Saturday, July 21, 2012

Feeling Good?

Once in a while I read self-help books. This is a by-product of the low self-esteem caused by the trauma of divorce. I grasp at anything that would help me feel better. Most of the time the books have some suggestion that I can use in limited amounts. The Power of Now by Eckhart Tolle, for example, talks about living in the moment and not dwelling in the past or worrying about the future. This is a difficult concept to practice. My attempts at meditation make me twitchy and restless. It’s not always easy to follow when random thoughts bombard my mind late at night. Is the pool filter that starts to run at four a.m. going to blow up? Did I forget to pay a bill? Am I going to be homeless someday because my daughter insists on going to an incredibly expensive college?

Feeling Good by David Burns is one of the best books that I have read. It discusses that crap that you tell yourself that you are convinced must be absolutely true. It makes you depressed. Therapists call it cognitive distortions. I always thought that what I tell myself was true. That it is not is quite a different perspective. I think the author really nails the stupidity of what people tell themselves.

A number of types of cognitive distortion exist, but one in particular that I am guilty of is overgeneralization. If something happens, then it will always happen. If someone dumps me, then I will always be alone. If I am unhappy now, then I will always be unhappy. This kind of assumption feeds a feeling of hopelessness.

If I couldn’t do something in the past, then I won’t be able to do it in the future. The past doesn’t dictate the present or the future-- or at least I try to convince myself of that.

Another overgeneralization is thinking everyone else is better than me. They are more together, more loved, more talented, work harder, have more friends. This is not true and only a delusion in my mind because people are never what they appear to be. The thought pops up automatically, like an evil mind visitor. I wonder if I am the only one that thinks this way. This kind of thinking is rampant in competition like racing. If someone is faster than me, then they are better than me as a person. Since I am slow in racing, then I must be a bad person.

Results don’t dictate who I am, or least I try to tell myself that.

The prime example of this is swimming. I am always last. I can train all I want and take lessons, but I will never be fast or even average. The only people slower than me are beginners who surpass me in a couple of months or really old people who flail around the lanes with bizarre arm strokes. Even some of them are swim faster than I do. I want to be average or at least not on the bottom of the curve. I beat myself up for being so bad, but it doesn’t get me anywhere.

Maybe if I stop being negative, I would swim better or at least feel better about it.

Positivity is an alien thought that doesn’t come naturally for me. I am never an optimist. People are supposed to have an optimist bias and expect that things will turn out better than they actually do. People underestimate the chances of death, divorce and general disaster. Some theorize that we are born this way. Not me. I always tend to expect the worst, and to keep my sanity, I try to block this expectation. This is the cognitive distortion of Mental Filter that a person filters out positive aspects of a situation and only sees negative ones.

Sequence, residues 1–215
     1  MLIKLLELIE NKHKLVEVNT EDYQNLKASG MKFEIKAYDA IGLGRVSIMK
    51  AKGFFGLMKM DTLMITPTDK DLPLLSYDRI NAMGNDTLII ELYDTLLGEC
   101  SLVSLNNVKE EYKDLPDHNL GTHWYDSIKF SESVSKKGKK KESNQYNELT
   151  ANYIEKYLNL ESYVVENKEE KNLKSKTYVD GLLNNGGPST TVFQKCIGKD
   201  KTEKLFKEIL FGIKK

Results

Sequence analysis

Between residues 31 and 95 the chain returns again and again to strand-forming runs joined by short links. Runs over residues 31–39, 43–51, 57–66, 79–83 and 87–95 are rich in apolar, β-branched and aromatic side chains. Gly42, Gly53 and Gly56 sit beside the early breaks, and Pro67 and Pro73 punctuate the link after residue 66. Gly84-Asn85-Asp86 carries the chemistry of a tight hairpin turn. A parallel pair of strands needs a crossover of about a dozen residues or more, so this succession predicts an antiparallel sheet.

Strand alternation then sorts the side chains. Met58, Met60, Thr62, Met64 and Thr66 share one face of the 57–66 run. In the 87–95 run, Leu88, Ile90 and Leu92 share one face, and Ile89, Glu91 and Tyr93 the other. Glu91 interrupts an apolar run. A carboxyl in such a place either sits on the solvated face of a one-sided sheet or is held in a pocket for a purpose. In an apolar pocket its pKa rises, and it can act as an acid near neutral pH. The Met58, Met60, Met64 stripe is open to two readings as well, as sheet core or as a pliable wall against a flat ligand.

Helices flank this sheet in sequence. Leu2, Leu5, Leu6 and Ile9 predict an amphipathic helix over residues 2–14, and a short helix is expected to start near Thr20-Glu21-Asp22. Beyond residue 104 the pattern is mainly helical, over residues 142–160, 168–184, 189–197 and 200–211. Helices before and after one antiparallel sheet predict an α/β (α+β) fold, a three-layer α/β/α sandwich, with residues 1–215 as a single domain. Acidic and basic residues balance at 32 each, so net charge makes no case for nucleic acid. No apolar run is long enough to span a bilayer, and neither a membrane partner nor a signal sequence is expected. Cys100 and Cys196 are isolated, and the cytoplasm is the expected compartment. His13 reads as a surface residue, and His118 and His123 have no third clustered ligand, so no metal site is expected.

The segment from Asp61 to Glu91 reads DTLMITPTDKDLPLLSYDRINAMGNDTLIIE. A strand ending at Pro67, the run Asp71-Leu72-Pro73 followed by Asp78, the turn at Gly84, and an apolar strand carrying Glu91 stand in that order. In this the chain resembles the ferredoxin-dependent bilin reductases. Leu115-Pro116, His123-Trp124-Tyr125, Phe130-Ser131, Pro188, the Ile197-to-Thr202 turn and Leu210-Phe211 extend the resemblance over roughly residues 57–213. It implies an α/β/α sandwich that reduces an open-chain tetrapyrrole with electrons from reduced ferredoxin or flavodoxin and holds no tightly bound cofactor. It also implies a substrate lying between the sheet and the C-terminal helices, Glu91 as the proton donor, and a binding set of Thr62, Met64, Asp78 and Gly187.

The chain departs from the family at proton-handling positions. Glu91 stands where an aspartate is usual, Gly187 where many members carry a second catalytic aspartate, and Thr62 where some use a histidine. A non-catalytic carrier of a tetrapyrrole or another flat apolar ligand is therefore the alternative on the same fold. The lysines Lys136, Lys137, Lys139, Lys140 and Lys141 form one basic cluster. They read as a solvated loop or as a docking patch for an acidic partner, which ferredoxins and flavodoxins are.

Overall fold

If a person didn’t underestimate the chances of bad thing happening, they would lose their minds. Life would become darker and much more anxiety provoking than it already is. It’s bad enough dealing with daily events. Positive thoughts are a self-defense mechanism. The future can’t be predicted anyway. If I think the best will happen and the worst does, at least I am not worrying about it until the catastrophe occurs.

Too bad I don’t actually do this.

If I am doing an Ironman, I am already setting up what bad things will happen before they even do. I will miss the swim cut off, or if I don’t, I will get a flat tire on the bike course and miss the bike cut. If the water is cold I will end up in the medical tent for hypothermia. It has happened before, so it will happen again.

It is hard to understand why these habitual negative thoughts occur. Fear is a good base to launch them. They worm their way into my brain and stay there. Maybe it is something that started in childhood when a parent berated me for some forgotten misbehavior? The mind persistently plays the same thing over and over. Most people don’t even question what they tell themselves. The voice that berates me isn’t challenged. It tells I suck and I agree.

Feeling Good suggests that the answer to the depression and low self-esteem that this self-talk causes is to have a person write down what they are saying to themselves and make rational arguments against the negative perceptions. Writing them down makes you more aware of what is swirling around in your head. If I get lost, which I frequently do and tell myself that I am incompetent because I can’t read a map and don’t have a GPS, then I write this thought down. I always manage to find my way eventually, so I must have some competence as a human being. Maybe.

I am intrigued by the suggestion that what I tell myself might not be true, This could possibly be an entirely new way of thinking-- new neural pathways instead of the old rutted ones. I am tired of my old thoughts, but they will try to persist, like my slow swimming. Even slow swimmers get somewhere eventually.